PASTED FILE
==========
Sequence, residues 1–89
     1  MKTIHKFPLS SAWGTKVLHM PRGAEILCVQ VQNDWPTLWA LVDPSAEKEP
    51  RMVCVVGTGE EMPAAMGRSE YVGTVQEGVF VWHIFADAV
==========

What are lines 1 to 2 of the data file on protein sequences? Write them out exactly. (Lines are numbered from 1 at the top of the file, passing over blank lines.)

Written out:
Sequence, residues 1–89
     1  MKTIHKFPLS SAWGTKVLHM PRGAEILCVQ VQNDWPTLWA LVDPSAEKEP